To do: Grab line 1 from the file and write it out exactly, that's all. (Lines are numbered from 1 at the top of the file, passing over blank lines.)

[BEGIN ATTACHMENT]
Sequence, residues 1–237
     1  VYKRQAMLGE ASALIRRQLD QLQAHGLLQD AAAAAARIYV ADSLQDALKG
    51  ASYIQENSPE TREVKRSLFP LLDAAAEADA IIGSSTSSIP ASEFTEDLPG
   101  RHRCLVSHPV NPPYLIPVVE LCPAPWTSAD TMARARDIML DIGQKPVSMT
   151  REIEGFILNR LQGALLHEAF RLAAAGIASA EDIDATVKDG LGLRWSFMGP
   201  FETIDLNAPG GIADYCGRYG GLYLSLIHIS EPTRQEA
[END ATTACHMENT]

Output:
Sequence, residues 1–237